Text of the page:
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Re^2: DBI Password connection to Oracle

by waswas-fng (Curate)
on Jun 28, 2005 at 17:33 UTC ( #470727=note: print w/replies, xml ) Need Help??


in reply to Re: DBI Password connection to Oracle
in thread DBI Password connection to Oracle

I do not know that your solution meets the Not be able to log into the machine and decrypt the password as a normal user. or Not be able to get the password into a variable in perl. requirements.


-Waswas
  • Comment on Re^2: DBI Password connection to Oracle

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Re^3: DBI Password connection to Oracle
by Transient (Hermit) on Jun 28, 2005 at 17:36 UTC
    Well, as far as the first one goes, it's impossible if the "normal user" is the same as "nobody" or whatever the CGI/Perl user is. If that user can't 'read' the password file, it's a lost cause, period.

    The second one has nothing to do with "identified externally". It should use the UNIX user id/password to validate the user (without the need to pass the actual password). This may or may not work across a network depending upon the flavor of *NIX and type of Oracle. However, remote login via ssh is available without passing a password using public/private key encryption, so I'd figure something similar would be possible here (although I'm not 100% on that).
      nobody or other service users on unix generally have password set to NP or some other special string that does not actually work as a password for the system. This in effect locks out standard auth on the user and only allows su - actions from root.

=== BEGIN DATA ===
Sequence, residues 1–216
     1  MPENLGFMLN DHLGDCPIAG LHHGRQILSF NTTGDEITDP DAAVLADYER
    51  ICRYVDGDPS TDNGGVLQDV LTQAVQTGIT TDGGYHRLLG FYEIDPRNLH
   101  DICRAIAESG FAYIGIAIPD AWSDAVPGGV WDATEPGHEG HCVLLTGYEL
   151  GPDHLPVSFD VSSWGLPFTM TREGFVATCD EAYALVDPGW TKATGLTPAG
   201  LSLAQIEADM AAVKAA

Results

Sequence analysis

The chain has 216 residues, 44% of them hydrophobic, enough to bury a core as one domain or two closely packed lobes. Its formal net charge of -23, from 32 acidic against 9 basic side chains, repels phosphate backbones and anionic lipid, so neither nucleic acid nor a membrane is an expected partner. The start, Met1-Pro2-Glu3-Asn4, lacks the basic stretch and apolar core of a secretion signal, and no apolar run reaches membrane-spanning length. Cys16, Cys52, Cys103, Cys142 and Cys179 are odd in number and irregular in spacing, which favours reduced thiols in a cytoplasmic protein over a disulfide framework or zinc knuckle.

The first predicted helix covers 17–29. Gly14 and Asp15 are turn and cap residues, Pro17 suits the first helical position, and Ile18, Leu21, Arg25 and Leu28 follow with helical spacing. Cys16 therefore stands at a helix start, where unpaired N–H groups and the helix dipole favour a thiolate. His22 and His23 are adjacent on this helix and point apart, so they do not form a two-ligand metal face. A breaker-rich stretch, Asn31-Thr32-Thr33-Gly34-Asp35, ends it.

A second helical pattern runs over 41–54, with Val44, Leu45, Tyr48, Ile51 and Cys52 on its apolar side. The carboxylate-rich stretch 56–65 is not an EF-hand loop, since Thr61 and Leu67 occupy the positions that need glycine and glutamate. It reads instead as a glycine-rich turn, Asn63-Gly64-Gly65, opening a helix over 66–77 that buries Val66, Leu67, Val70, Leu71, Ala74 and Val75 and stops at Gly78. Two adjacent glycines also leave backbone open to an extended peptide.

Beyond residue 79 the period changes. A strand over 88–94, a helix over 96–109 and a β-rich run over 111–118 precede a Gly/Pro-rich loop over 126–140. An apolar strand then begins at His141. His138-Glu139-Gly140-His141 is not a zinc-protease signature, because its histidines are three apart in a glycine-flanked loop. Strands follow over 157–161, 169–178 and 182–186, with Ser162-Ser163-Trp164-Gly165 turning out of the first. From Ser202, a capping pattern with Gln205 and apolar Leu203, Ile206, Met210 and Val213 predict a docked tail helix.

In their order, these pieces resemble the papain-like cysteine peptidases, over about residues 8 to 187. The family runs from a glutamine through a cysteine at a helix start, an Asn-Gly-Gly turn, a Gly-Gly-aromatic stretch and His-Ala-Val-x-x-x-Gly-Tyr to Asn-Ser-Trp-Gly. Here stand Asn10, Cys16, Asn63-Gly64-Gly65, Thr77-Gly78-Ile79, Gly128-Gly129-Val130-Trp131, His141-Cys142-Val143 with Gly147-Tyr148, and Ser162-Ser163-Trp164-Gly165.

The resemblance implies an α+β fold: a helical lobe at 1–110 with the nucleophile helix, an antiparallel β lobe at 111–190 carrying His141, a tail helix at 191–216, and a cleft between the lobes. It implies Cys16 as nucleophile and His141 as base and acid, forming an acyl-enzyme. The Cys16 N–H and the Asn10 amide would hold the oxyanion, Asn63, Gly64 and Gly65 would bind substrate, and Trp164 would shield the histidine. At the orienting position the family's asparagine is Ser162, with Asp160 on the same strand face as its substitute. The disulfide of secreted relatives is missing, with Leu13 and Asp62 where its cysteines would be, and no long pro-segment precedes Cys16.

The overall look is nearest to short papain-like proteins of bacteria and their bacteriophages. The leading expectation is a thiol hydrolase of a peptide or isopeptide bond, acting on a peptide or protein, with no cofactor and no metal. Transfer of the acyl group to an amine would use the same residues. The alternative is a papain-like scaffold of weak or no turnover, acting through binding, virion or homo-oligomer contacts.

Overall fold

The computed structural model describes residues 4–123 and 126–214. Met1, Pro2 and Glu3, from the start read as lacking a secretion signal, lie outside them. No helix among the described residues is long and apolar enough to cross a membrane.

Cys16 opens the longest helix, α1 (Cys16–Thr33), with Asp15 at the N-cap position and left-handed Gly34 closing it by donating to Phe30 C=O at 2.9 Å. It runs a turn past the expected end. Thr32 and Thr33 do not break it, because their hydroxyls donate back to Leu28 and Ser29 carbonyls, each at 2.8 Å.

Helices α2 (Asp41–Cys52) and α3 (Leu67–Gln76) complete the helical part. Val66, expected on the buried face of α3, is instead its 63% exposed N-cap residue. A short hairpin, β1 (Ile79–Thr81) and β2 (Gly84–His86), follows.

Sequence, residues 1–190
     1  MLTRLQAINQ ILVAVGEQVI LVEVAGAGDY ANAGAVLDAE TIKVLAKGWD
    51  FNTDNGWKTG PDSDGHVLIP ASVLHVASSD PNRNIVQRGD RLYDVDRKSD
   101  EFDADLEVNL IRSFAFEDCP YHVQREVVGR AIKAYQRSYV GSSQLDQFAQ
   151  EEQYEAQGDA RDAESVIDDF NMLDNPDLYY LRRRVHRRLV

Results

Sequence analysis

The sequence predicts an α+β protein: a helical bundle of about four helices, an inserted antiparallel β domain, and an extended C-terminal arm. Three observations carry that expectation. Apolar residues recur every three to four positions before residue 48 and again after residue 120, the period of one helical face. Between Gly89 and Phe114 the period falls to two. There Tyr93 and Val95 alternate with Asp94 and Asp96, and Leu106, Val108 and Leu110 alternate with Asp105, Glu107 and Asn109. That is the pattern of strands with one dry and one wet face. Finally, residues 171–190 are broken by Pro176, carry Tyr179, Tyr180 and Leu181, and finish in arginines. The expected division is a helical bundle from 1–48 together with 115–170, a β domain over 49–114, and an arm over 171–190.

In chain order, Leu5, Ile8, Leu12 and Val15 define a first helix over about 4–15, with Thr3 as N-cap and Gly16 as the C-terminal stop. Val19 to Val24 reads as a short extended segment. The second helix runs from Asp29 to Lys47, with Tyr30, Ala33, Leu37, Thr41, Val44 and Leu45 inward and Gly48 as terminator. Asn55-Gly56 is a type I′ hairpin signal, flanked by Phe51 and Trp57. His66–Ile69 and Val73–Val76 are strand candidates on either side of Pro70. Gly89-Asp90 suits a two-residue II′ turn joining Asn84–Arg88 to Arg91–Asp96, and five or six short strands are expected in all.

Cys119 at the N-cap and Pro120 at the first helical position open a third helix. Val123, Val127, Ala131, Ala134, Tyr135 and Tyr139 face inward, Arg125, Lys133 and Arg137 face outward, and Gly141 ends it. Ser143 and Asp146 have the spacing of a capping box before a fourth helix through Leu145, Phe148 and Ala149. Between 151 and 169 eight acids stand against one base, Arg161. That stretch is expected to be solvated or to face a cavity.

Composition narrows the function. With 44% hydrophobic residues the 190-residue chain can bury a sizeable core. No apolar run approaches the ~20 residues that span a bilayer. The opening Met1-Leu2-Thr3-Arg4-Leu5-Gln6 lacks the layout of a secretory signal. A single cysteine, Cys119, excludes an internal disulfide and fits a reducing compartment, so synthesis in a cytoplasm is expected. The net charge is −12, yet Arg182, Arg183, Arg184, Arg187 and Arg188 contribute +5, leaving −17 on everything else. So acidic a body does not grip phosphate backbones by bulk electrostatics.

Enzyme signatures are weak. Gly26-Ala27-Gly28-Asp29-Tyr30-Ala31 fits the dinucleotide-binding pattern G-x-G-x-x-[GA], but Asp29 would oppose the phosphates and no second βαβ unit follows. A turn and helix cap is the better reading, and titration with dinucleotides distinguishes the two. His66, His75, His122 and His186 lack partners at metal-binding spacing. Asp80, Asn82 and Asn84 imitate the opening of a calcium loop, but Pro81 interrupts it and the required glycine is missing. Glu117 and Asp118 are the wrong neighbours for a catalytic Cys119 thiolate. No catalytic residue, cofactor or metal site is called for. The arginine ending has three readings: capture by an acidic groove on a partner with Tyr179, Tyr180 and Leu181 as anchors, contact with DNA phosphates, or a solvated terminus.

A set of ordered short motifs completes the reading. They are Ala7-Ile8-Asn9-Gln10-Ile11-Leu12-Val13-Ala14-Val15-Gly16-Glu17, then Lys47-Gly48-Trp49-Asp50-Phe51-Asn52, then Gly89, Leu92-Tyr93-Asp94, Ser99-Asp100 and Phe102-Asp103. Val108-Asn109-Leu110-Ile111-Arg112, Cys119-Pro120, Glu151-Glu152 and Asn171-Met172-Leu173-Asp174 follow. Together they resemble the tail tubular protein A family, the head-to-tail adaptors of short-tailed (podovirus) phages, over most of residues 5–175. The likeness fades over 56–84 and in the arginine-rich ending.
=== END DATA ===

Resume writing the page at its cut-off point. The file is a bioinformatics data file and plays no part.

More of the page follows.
The second one as I read it means that DBI access is out of the question -- It either means that his script cant hold the auth keys (no auth at all) or that the auth should be in a form that is not usable in perl.


      -Waswas
        Ok, so then it does satisfy "Not be able to log into the machine and decrypt the password as a normal user"... right?

        As far as the second one - not necessarily, although I will admit that I haven't actually tested such a thing myself. Externally identified means that the operating system (or third-party system) itself verifies the user validation, meaning that there must be a valid login on the database server. Also, there appears to be Oracle net support via Oracle Advanced Security. see here - there is also some information about identified globally, which allows for Active Directory verification.

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